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How to combat escalating Workers' Comp costs after an injury occurs

According to the National Council on Compensation Insurance (NCCI) claims frequency continues to decline in all major industry groups and almost all occupations. Businesses have done an excellent job at creating safer work places and providing more and better job training.

While prevention and training have been successfully integrated into loss control, claims management is often viewed as an administrative rather then loss control function. Fewer than 10% of work-related injuries should require employees to take more than three days off work for medical reasons (ManagedComp Survey), yet, nationally 24% of workplace injuries result in lost time longer than three days. Sixty to eighty percent of lost time is avoidable.

This means that businesses have a significant opportunity to reduce their costs by integrating claims management into their loss control program. As noted in the previous article, “Why costs escalate unexpectedly in low risk Workers' Compensation claims,” the longer it takes to resolve a claim, the higher the final costs will be. Therefore, the focus should be on reducing the duration of lost time.

A study in the September 2007 issue of Journal of Occupational and Environmental Medicine, “The Impact of Early Workplace-Based Return-to-Work Strategies on Work Absence Duration: A 6-Month Longitudinal Study Following an Occupational Musculoskeletal Injury,” found that work accommodation offered by employers and advice from health care providers on re-injury prevention are the most significant determinants of shorter work absence durations.

It is often a small percentage of the claims that dramatically affect overall losses. The majority of these are not catastrophic injuries, but are claims that have gone astray and can be managed more effectively. Here are eight steps towards successful claims management that couple employer intervention with proper medical treatment and oversight:
1 Train and designate an employee to coordinate the effort
A common, but erroneous perception is that claims management is strictly providing information to the insurance company. It is far more than sharing information; employers need to be proactive and intervene to improve outcomes.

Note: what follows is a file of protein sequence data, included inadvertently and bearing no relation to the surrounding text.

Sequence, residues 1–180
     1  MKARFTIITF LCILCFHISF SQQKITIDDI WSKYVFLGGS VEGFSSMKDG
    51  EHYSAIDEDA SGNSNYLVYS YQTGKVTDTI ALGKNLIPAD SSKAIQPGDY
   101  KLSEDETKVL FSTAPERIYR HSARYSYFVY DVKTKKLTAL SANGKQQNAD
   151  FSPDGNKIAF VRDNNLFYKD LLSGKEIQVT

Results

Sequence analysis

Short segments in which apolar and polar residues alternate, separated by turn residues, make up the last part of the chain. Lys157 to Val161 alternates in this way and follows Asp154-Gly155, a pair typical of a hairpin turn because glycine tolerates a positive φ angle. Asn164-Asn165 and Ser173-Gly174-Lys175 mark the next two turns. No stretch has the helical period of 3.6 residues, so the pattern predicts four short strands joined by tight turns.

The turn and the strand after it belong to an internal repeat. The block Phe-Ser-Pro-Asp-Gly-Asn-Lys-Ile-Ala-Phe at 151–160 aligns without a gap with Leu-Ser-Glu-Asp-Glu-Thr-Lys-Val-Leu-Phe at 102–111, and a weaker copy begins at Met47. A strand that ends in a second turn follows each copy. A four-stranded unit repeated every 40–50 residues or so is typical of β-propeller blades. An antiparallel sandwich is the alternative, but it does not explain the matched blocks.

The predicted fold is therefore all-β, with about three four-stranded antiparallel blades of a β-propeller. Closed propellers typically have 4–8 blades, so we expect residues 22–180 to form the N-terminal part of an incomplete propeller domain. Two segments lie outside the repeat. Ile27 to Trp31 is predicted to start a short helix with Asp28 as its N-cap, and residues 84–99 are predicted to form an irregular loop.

2 Promptly report all injuries
All claims should be reported within 24 hours; in fact, the goal should be within 60 minutes of the accident. By getting the wheels in motion quickly, costs are significantly reduced and employees return to work faster. (Hartford Study)
3 Develop trust with employees
While employers may not always be in a position to influence the choice of care, employees who trust their employers are more likely to look to their employer for support and guidance. Ninety percentage of all employees injured in 2006 had no previous job injury record. To the injured employee, a minor injury can seem like a major occurrence because the process is unknown. An empathic response from the employer that includes clear information about the steps the injured employee needs to take goes a long way in reducing the duration of a claim.
4 Have a relationship with the treating physician
Regularly, employers will work through the insurance adjuster and have very little contact with the treating physician. Yet, the employer has the most knowledge about the situation and the context in which the employee is working. The employer's knowledge is much richer than either the doctor's or the adjuster's, yet the doctor is making care decisions without it. When there is communication and dialogue, outcomes improve.
5 Work with an occupational physician or clinic that follows Evidenced-Based Treatment Guidelines
Not all physicians are trained in the return-to-work process nor do they recognize the importance of minimizing time away from work and the powerful impact of the “disability attitude” that can set in with injured employees when claims are not treated properly. Physicians trained in Evidenced-Based Treatment Guidelines determine the expected disability duration for each injury and apply the proper treatment protocols. They provide detailed recommendations for transitional work and resumption of job activity.
6 Communicate estimated time of return to work to injured employee
While communication between the physician and employer is critical to successful claims management, equally important is communication with the injured employee. Utilizing the Evidence-Based Treatment Guidelines, employers and physicians can establish expectations of the timetable for return to work with the injured employee. If this is not met, it should trigger immediate assessment of the situation.
7 Have an effective early Return-to-Work program
A key part of the employer's role in an employee's recovery from a job-related related injury is a workplace culture that supports a timely return to meaningful work and respects the restrictions and limitations established by the treating physician. Successful Return-to-Work programs are reported to reduce Workers' Compensation costs by 30% to 60%.
Although a major obstacle for many employers is identifying meaningful and productive work for returning employees, WorkComp Advisors have tools to help identify temporary work assignments that are most relevant to a particular employee's training, experience and physical capabilities.
8 Monitor lost time injuries
Lost time injuries are the most expensive injuries, with costs increasing every day that an injured employee is not able to work. Every injury does not require the same level of intervention; Evidenced-Based Guidelines provide the benchmarks by which to determine if a claim has the potential to spin out of control. Concentrating on the troubled claims will reduce costs and increase profitability.